Saturday, September 20, 2008

Antonio Pigafetta

It was on this day in 1519 that Ferdinand Magellan departed on the first successful circumnavigation of the world.
Antonio Pigafetta
Setting off with five ships and 270 men funded by Charles I, the King of Spain (although Magellan was Portuguese, the King of Portugal declined the investment opportunity), Ferdinand had the adventure of his lifetime.
The Spanish captains didn't trust Magellan because he was Portuguese, a foreigner, and three of them plotted to kill Magellan. He stopped the mutiny by imprisoning the ringleader, Cartagena, aboard a different ship. They reached South America by December and spent the winter in Patagonia, where one of the captains freed Cartagena, and they led another mutiny. Magellan marooned Cartagena in Patagonia, executed the remaining rebels, and set off to look for a passage to the other side of the continent.
In May, one of his ships was wrecked in bad weather, but the other four sailed through a strait that Magellan named All Saints' — it was later renamed the Strait of Magellan. It took them 38 days to make it through the strait, and during that time, one of the ships' captains turned his ship around to sail back to Spain, taking with him most of the provisions for the whole fleet. But the remaining three ships got to the other side and emerged into the ocean, and Magellan named the ocean the Pacific because it was so calm. Magellan thought the Pacific was small; he thought they could cross it and reach the Spice Islands in two or three days. But it actually took four months. They arrived in the Philippines in March of 1521. Magellan made friends with a local king, agreed to help him attack the neighboring island, and was killed during the battle with that tribe. There were three ships left, and 115 men.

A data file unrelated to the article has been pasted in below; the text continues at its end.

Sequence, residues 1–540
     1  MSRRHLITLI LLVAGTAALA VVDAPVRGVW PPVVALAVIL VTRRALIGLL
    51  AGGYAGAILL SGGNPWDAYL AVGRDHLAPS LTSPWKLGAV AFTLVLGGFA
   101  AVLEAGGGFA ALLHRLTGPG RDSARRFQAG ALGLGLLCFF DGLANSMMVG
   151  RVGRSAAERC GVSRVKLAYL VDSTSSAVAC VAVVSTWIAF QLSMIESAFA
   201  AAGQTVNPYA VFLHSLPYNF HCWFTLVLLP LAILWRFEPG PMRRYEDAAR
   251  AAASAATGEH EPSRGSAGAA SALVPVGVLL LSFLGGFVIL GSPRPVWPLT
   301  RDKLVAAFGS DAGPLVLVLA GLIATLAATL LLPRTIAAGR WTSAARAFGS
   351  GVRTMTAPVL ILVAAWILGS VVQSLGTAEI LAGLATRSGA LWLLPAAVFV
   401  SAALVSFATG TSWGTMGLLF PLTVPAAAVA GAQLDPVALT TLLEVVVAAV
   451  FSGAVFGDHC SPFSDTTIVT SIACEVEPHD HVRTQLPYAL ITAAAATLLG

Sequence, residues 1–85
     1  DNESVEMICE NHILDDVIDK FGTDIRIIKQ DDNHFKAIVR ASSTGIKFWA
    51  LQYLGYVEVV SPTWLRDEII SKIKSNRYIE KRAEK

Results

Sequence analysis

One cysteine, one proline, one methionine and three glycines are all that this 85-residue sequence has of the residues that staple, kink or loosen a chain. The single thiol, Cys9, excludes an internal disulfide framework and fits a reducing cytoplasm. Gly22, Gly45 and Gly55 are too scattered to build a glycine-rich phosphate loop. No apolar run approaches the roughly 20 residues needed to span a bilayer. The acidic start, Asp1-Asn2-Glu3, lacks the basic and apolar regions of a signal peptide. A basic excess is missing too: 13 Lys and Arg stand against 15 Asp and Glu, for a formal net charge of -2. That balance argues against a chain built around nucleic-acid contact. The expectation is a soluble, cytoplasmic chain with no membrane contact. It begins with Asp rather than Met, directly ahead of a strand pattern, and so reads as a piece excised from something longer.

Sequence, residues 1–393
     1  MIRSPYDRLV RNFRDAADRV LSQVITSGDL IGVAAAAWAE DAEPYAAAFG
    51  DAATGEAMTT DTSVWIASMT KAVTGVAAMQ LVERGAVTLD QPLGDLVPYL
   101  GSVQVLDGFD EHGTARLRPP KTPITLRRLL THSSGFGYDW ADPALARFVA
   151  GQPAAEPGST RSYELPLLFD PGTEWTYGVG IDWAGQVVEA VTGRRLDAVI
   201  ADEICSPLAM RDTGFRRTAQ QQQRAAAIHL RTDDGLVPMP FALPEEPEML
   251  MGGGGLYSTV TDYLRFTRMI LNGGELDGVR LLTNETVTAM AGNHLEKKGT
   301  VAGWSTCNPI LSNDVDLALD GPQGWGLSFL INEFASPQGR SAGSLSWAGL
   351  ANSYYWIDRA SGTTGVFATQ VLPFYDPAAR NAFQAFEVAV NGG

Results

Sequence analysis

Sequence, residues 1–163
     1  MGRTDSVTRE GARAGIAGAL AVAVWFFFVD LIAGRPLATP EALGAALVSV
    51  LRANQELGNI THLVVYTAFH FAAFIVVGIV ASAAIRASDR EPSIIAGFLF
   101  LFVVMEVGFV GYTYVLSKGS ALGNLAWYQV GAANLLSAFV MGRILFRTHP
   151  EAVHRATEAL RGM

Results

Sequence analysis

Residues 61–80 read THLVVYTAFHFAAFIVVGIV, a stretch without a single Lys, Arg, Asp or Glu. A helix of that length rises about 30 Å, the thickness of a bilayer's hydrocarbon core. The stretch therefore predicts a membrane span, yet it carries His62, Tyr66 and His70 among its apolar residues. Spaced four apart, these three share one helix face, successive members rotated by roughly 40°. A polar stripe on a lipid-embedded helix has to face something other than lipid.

After Magellan died, Sebastian del Cano took over as captain, and since there weren't enough men left to crew three ships, he had one of the ships burned. They left the Philippines in May and made it to the Moluccas, the Spice Islands, six months later. Del Cano wanted to make sure that at least one ship made it back to Spain, so he sent one back, east across the Pacific, and the other one continued west. The eastward-bound ship was attacked by the Portuguese, who killed most of the crew. The westward-bound ship crossed the Indian Ocean, sailed around the Cape of Good Hope, and arrived in Spain almost three years after it had departed with Magellan. 
Despite having his adventure, and his life, truncated by his participation in a local Philippine war, Ferdinand is still usually associated with circumnavigating the globe.  However, it is because of just one of the only 18 surviving crew members who completed the journey by returning to Spain, that we know the whole story.  Antonio Pigafetta, an Italian crew member and a supporter of Magellan, was the one who kept a detailed diary.  It is because of  Antonio Pigafetta, that we know the details of that momentous journey to circumnavigate the globe.


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